people and places5 min read

The inside design scoop on Audrey, Sean Brock’s stylish Nashville restaurant

Audrey Restaurant Nashville

WordsRachel Rowney


One of the American south’s most anticipated restaurants, the designer behind Sean Brock’s Audrey shares inspiration, advice, and insight.

When a prestigious chef announces plans to open a 10,000 sq ft restaurant in Nashville, Tennessee that blends his love of Japanese design with his southern heritage, people take notice.

Sean Brock’s hugely anticipated Audrey opened in October 2021 to much acclaim. In addition to the artfully created menu, much of the attention centered on the building’s design. Katie Vance is a partner and chief creative officer at Powell – an award-winning architecture, interior, and construction firm based in Nashville, Tennessee, who spearheaded the design of the 10,000 sq ft restaurant. Katie closely collaborated with head chef Sean Brock to deliver the visually stunning space as a homage to Sean’s grandmother.

Block: Audrey, Sean Brock’s stylish Nashville restaurant

How has the Audrey project differed from others you have worked on? How did you approach this differently from previous projects?

This project was expansive – two different restaurants, a bar, a research and development lab, a wellness room, and a podcast studio, to name a few of the spaces. Each needed to be conceptualized differently and strategically designed for its own functionality and aesthetic.

The walls of Audrey feature several prominent art pieces by local creatives. How important was this to the project's vision and how has this influenced the ambience of the restaurant/ bar area?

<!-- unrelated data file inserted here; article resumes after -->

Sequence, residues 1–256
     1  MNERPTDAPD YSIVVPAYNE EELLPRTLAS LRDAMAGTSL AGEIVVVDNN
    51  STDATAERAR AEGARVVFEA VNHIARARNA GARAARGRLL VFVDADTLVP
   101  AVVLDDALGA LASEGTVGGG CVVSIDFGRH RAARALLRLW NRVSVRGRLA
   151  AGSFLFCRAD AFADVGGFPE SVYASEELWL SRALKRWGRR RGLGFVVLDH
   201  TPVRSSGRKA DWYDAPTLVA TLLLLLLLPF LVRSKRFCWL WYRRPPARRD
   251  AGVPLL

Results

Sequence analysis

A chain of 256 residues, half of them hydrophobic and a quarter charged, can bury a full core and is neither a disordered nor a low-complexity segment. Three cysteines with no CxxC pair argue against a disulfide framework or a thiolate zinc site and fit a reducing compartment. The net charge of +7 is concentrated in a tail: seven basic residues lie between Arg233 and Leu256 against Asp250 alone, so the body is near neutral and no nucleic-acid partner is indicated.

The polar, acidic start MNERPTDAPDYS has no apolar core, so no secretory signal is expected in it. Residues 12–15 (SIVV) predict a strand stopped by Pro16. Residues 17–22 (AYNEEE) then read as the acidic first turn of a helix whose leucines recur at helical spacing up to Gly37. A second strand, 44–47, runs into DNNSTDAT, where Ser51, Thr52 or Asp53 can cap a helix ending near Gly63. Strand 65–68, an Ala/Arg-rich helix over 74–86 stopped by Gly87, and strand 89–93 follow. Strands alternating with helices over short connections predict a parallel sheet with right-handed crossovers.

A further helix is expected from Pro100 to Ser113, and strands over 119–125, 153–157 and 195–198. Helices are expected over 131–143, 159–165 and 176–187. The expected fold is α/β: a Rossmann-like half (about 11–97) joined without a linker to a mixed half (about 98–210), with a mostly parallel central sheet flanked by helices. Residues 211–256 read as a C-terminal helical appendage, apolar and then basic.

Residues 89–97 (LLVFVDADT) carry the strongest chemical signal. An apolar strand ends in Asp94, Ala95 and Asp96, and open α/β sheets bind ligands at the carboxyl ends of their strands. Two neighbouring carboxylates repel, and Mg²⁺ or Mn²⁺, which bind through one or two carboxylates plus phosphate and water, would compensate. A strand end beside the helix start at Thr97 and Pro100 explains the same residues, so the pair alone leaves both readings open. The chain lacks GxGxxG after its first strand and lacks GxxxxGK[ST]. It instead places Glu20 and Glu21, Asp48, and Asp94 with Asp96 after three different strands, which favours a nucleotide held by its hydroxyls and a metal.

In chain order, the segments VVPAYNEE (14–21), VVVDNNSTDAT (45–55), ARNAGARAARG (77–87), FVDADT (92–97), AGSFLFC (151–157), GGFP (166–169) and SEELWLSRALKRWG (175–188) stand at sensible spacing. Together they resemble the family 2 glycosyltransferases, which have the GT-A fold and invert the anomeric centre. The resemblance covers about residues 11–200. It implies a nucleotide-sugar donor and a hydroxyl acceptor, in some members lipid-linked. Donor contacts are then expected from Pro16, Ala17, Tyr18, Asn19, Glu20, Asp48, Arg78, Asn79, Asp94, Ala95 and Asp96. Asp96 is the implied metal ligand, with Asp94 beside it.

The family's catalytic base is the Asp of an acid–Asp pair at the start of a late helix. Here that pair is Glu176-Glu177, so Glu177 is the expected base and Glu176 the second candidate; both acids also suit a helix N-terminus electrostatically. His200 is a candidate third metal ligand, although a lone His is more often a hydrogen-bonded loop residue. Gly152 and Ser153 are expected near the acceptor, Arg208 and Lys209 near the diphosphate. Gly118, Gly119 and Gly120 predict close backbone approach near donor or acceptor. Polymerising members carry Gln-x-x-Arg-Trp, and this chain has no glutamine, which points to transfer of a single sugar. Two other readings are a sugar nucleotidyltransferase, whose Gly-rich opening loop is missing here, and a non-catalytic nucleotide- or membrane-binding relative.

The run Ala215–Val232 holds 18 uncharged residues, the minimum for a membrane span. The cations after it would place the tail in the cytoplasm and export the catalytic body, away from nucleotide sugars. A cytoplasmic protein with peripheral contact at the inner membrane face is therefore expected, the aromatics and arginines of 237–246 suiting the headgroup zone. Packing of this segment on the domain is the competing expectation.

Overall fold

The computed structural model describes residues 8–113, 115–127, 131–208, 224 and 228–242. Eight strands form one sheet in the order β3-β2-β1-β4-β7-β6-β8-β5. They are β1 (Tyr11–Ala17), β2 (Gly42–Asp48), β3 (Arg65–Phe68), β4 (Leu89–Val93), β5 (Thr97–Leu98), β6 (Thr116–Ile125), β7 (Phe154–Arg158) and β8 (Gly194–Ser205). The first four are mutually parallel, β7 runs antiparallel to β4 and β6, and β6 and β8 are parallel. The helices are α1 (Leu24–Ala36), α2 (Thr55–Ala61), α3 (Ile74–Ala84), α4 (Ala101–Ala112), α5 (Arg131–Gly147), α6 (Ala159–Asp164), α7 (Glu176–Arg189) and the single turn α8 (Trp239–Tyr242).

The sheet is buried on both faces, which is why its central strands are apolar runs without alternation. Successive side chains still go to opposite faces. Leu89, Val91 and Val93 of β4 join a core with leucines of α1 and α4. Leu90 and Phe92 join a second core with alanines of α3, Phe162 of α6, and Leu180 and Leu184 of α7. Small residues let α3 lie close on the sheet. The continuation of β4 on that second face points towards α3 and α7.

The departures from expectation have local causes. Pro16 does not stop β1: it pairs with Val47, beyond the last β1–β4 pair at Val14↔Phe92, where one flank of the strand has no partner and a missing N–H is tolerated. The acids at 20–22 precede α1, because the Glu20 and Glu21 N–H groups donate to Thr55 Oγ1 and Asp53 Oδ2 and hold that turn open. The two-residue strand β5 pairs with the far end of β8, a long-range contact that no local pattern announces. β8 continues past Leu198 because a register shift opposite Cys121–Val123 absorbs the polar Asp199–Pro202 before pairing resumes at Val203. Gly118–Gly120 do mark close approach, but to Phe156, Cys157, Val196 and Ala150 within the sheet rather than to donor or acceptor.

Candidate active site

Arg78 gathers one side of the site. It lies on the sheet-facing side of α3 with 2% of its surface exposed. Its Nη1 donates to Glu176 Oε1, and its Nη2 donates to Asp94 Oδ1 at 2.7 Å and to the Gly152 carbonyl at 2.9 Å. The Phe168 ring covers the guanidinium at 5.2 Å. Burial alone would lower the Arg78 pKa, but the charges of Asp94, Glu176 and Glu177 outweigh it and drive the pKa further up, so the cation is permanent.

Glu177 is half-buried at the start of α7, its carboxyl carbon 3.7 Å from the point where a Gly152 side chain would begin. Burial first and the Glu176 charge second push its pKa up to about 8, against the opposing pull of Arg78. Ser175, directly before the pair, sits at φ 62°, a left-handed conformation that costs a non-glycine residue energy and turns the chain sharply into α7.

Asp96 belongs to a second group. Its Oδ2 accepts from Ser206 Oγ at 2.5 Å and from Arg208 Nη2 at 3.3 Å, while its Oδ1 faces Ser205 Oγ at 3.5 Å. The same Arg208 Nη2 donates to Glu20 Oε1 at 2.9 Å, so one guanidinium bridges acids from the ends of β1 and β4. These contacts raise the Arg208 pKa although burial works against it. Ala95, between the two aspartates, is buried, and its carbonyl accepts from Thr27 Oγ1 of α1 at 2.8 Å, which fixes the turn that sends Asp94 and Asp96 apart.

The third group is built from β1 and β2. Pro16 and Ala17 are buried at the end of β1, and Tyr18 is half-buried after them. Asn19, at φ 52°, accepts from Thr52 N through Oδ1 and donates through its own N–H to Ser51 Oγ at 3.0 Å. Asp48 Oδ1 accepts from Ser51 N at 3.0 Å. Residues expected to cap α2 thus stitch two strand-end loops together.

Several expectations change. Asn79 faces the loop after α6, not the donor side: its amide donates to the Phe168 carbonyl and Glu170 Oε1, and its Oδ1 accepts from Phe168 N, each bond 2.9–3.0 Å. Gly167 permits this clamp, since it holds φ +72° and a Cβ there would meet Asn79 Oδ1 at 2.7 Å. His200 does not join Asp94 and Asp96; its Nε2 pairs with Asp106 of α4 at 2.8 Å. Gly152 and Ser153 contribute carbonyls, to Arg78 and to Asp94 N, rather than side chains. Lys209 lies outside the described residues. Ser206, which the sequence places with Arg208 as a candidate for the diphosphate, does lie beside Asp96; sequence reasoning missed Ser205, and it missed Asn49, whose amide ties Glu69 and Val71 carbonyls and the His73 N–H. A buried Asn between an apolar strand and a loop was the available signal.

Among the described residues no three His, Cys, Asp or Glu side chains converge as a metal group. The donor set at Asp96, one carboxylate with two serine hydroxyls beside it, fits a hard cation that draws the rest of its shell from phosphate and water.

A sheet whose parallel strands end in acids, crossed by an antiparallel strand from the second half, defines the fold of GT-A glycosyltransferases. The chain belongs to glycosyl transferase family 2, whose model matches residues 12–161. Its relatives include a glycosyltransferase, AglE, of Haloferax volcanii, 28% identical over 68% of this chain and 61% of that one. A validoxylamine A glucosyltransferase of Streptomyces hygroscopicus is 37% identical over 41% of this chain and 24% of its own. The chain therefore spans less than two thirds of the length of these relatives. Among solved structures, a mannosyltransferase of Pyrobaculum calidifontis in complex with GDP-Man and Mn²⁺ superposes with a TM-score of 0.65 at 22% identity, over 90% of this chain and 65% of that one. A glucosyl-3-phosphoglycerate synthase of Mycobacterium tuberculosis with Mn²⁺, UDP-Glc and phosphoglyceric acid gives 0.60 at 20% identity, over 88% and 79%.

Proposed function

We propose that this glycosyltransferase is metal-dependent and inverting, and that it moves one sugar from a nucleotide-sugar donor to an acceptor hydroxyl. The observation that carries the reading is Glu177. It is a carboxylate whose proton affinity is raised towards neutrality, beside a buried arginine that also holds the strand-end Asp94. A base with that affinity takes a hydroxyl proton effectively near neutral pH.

Handmade materials and artwork play a huge role in the design. From tile to light fixtures to wallpaper, furniture, and art. The handmade pieces (most are from local makers) are used throughout the space to infuse hand-hewn character and personality into the restaurant.  We wanted real materials made with thoughtful care and an artful precision – paralleling the food program that Sean created for Audrey; this contributes to the ambience by providing a sense of humanity in each space and contributes to the overall warmth of the restaurant.

Audrey, Sean Brock’s stylish Nashville restaurant

Is there any advice you would give on how to incorporate different artworks into a space?

Have fun with it – be ready to mix and match mediums and sizes! We hung over 250 pieces of art.  We grouped areas by artist and really connected each with complementary colors and textures. Photography, textiles, paintings, and drawings were all used in the space.

You've discussed creating a 'full sensory experience' at Audrey. Can you expand on that?

We wanted to create a space that leaves a lasting memory with the guest and is a full sensory experience from the moment you enter the building till you pay your check.  Every sense is engaged – from what you taste, see, smell, hear and feel. Guests see the artful and inviting restaurant space, they smell fresh firewood cut for the hearth in the vestibule, they hear music hand-selected by Sean of his favorite artists and they feel the soft chenille upholstery, the white oak tables and the handmade ceramic pottery. Guests should feel immersed in experiencing the southern landscape through Sean Brock's lens.

Audrey draws on Sean Brock's appreciation for Japanese design and architecture. Are there any specific artists, architects or creatives that you were inspired by?

George Nakashima comes to mind; he created the Straight Chair which we used in the dining room at Audrey. The Straight Chair is a mix of Eastern and Western aesthetics and is a modern interpretation of the traditional Windsor chair that is heavily used in southern interiors.  While Nakashima was born in the US, he studied Japanese architecture and traditional Japanese woodworking. As for the architecture, the Japanese technique of Shou sugi ban (burnt wood) was employed as the largest part of the exterior finish palette.  Shou sugi ban originated in Japan in the 18th century as a way to make cedar shingles waterproof – the technique involves charring the wood surface to a deep charcoal black.